## Dolph-Chebyshev Window

The *Dolph-Chebyshev Window* (or *Chebyshev window*, or
*Dolph window*) minimizes the *Chebyshev norm* of the side
lobes for a given main-lobe width
[61,101],
[224, p. 94]:

(4.43) |

The Chebyshev norm is also called the norm,

*uniform*norm,

*minimax*norm, or simply the maximum absolute value.

An equivalent formulation is to *minimize main-lobe width* subject
to a side-lobe specification:

(4.44) |

The optimal Dolph-Chebyshev window *transform* can be written in
closed form [61,101,105,156]:

The zero-phase Dolph-Chebyshev window,
, is then computed as the
inverse DFT of
.^{4.14} The
parameter controls the side-lobe level via the formula [156]

Side-Lobe Level in dB | (4.45) |

Thus, gives side-lobes which are dB below the main-lobe peak. Since the side lobes of the Dolph-Chebyshev window transform are equal height, they are often called ``ripple in the stop-band'' (thinking now of the window transform as a lowpass filter frequency response). The smaller the ripple specification, the larger has to become to satisfy it, for a given window length .

The Chebyshev window can be regarded as the impulse response of an
optimal Chebyshev lowpass filter having a zero-width pass-band (*i.e.*,
the main lobe consists of two ``transition bands''--see
Chapter 4 regarding FIR filter design more generally).

### Matlab for the Dolph-Chebyshev Window

In Matlab, the function `chebwin(M,ripple)` computes a length
Dolph-Chebyshev window having a side-lobe level `ripple` dB below
that of the main-lobe peak. For example,

w = chebwin(31,60);designs a length window with side lobes at dB (when the main-lobe peak is normalized to 0 dB).

### Example Chebyshev Windows and Transforms

Figure 3.31 shows the Dolph-Chebyshev window and its transform
as designed by `chebwin(31,40)` in Matlab, and
Fig.3.32 shows the same thing for `chebwin(31,200)`.
As can be seen from these examples, higher side-lobe levels are
associated with a narrower main lobe and more discontinuous endpoints.

Figure 3.33 shows the Dolph-Chebyshev window and its transform
as designed by `chebwin(101,40)` in Matlab. Note how the
endpoints have actually become *impulsive* for the longer window
length. The Hamming window, in contrast, is constrained to be
monotonic away from its center in the time domain.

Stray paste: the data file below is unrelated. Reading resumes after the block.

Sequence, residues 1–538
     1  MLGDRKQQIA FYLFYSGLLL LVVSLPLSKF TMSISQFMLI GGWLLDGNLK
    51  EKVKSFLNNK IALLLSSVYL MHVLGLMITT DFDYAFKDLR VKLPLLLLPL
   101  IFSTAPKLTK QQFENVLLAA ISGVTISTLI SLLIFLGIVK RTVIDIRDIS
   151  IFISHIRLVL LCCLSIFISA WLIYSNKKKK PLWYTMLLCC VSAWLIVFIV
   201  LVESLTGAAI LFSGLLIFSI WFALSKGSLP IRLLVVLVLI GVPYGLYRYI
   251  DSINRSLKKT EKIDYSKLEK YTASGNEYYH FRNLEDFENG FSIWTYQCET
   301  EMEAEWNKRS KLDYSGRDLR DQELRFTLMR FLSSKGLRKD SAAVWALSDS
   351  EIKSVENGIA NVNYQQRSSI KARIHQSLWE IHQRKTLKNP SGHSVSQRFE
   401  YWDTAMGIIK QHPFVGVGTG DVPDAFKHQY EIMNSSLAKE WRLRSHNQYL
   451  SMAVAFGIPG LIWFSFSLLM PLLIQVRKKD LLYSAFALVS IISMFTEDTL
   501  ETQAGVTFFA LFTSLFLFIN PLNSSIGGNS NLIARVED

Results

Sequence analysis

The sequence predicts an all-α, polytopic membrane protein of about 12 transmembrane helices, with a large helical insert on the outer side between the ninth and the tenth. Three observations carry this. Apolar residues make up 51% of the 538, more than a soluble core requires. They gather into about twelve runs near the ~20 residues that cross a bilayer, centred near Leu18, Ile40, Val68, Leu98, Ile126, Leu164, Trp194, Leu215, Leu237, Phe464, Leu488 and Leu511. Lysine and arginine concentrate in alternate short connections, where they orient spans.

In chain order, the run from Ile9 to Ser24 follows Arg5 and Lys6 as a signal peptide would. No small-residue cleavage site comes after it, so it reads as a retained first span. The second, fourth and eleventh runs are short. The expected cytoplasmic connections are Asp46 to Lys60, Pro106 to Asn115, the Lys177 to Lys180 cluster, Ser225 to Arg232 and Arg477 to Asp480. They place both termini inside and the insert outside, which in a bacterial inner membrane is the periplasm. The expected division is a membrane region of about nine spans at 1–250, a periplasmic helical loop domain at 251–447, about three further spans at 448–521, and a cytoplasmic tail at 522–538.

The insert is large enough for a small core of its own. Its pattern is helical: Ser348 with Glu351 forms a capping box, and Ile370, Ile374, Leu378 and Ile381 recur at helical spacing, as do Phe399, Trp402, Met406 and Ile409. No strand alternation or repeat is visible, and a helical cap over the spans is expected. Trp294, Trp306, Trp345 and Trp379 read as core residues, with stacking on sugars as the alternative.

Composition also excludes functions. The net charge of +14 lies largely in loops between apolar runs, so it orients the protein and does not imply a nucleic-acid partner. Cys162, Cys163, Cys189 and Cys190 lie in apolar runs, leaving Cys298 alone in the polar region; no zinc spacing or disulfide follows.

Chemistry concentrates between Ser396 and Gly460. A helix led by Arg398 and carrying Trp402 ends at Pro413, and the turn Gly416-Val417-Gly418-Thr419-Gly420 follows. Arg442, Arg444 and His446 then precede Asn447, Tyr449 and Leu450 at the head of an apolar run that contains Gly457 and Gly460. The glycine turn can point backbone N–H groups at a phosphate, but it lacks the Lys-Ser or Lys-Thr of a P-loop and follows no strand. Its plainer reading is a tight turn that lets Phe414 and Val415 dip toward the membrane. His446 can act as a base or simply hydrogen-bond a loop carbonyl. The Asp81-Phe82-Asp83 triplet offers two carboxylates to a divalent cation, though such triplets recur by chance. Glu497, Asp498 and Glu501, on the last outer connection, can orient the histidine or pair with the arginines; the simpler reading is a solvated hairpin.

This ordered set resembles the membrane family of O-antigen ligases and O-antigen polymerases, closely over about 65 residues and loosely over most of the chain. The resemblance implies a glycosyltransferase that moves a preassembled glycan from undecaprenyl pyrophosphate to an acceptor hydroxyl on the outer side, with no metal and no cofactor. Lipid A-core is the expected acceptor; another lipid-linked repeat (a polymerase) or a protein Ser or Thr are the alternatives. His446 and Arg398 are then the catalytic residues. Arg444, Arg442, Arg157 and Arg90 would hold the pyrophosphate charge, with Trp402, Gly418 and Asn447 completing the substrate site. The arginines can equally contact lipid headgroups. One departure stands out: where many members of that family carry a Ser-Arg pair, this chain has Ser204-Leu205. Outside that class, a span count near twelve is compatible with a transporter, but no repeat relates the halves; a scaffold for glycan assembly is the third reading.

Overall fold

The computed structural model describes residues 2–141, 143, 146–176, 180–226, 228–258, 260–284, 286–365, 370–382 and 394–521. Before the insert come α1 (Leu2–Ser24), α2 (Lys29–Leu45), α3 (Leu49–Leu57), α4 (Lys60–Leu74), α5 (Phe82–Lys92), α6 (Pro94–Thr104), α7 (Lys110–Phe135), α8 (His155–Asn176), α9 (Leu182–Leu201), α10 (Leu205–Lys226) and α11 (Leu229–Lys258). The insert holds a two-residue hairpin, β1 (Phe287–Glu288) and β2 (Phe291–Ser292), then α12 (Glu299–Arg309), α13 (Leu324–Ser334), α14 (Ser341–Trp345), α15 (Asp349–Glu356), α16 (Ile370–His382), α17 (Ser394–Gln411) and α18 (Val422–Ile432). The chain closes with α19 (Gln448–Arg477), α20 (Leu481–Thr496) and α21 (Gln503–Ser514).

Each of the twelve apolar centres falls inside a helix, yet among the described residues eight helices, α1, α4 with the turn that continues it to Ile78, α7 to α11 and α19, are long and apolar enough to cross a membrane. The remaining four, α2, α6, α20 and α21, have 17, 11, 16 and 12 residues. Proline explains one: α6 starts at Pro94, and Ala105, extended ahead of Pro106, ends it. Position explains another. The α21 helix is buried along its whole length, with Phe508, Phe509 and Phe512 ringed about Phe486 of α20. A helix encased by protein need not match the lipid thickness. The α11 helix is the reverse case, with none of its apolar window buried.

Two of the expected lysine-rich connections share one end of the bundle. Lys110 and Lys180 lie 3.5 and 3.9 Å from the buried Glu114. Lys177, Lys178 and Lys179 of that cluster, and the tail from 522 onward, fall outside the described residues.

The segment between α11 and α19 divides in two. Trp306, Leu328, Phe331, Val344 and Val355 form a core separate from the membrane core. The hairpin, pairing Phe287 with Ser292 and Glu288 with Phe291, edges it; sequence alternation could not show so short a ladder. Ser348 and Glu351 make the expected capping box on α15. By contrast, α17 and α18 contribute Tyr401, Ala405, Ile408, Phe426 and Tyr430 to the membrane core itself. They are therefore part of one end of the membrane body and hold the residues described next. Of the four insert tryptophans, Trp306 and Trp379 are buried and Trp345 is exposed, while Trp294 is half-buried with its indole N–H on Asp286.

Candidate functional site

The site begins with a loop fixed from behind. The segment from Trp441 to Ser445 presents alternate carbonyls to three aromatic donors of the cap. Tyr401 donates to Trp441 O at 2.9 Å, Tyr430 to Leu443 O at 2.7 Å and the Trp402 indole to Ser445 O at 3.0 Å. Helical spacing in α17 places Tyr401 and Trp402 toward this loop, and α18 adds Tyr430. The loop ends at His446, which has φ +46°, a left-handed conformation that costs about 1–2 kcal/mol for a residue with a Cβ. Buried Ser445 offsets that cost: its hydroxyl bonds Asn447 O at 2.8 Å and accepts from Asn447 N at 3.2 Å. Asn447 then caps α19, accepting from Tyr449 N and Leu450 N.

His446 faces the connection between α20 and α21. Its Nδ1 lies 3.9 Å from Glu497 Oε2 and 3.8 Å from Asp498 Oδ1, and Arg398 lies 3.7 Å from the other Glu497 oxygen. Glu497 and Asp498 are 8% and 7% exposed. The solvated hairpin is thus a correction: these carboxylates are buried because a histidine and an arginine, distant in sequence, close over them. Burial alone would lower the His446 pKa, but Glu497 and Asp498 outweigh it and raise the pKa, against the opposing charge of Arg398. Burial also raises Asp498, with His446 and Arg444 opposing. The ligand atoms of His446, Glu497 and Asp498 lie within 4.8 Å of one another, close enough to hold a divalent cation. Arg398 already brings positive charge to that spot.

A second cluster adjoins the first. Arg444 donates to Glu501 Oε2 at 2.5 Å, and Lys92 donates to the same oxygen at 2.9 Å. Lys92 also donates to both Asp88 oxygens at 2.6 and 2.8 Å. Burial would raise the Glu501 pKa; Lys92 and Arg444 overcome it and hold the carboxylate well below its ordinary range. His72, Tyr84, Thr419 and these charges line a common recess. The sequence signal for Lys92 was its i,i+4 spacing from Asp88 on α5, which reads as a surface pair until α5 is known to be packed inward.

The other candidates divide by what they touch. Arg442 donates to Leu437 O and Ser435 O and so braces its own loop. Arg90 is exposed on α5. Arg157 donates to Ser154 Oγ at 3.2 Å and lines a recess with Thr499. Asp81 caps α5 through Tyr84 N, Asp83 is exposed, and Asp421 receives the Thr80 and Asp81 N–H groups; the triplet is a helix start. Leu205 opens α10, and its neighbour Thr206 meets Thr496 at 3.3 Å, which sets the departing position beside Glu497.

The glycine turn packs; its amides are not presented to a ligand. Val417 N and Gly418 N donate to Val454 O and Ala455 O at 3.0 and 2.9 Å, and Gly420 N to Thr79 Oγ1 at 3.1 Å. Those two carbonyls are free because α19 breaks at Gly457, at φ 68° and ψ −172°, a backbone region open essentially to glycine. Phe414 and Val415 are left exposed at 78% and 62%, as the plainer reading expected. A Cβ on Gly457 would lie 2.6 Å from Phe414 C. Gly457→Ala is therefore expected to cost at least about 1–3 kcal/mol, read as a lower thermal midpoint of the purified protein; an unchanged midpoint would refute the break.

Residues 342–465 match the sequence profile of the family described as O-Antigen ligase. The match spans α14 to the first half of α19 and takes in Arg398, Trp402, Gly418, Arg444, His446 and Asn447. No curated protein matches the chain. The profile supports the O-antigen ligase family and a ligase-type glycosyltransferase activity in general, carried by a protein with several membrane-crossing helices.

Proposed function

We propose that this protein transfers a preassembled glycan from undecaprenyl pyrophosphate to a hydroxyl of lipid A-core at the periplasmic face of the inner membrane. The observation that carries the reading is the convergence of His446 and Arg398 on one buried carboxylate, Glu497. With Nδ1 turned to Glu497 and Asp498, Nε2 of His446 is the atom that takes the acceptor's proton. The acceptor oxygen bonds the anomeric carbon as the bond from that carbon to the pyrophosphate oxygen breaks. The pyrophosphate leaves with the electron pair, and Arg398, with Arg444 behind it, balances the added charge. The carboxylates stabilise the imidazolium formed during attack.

The ``equal ripple'' property in the frequency domain perfectly
satisfies worst-case side-lobe specifications. However, it has the
potentially unfortunate consequence of introducing ``impulses'' at the
window endpoints. Such impulses can be the source of ``pre-echo'' or
``post-echo'' distortion which are time-domain effects not reflected
in a simple side-lobe level specification. This is a good lesson in
the importance of choosing the right *error criterion* to
minimize. In this case, to avoid impulse endpoints, we might add a
continuity or monotonicity constraint in the time domain (see
§3.13.2 for examples).

### Chebyshev and Hamming Windows Compared

Figure 3.34 shows an overlay of Hamming and Dolph-Chebyshev window transforms,
the ripple parameter for `chebwin` set to
dB to make it
comparable to the Hamming side-lobe level. We see that the
monotonicity constraint inherent in the Hamming window family only
costs a few dB of deviation from optimality in the Chebyshev sense at
high frequency.

### Dolph-Chebyshev Window Theory

In this section, the main elements of the theory behind the Dolph-Chebyshev window are summarized.

#### Chebyshev Polynomials

The
th *Chebyshev polynomial* may be defined by

(4.46) |

The first three even-order cases are plotted in Fig.3.35. (We will only need the even orders for making Chebyshev windows, as only they are symmetric about time 0.) Clearly, and . Using the double-angle trig formula , it can be verified that

(4.47) |

for . The following properties of the Chebyshev polynomials are well known:

- is an th-order polynomial in .
- is an even function when is an even integer, and odd when is odd.
- has zeros in the open interval , and extrema in the closed interval .
- for .

#### Dolph-Chebyshev Window Definition

Let denote the desired window length. Then the zero-phase Dolph-Chebyshev window is defined in the frequency domain by [155]

(4.48) |

where is defined by the desired ripple specification:

(4.49) |

where is the ``main lobe edge frequency'' defined by

(4.50) |

Expanding in terms of complex exponentials yields

(4.51) |

where . Thus, the coefficients give the length Dolph-Chebyshev window in zero-phase form.

#### Dolph-Chebyshev Window Main-Lobe Width

Given the window length and ripple magnitude , the main-lobe width may be computed as follows [155]:

This is the smallest main-lobe width possible for the given window length and side-lobe spec.

#### Dolph-Chebyshev Window Length Computation

Given a prescribed side-lobe ripple-magnitude and main-lobe width , the required window length is given by [155]

(4.52) |

For (the typical case), the denominator is close to , and we have

(4.53) |

Thus, half the time-bandwidth product in radians is approximately

(4.54) |

where is the parameter often used to design Kaiser windows (§3.9).

**Next Section:**

Gaussian Window and Transform

**Previous Section:**

Kaiser Window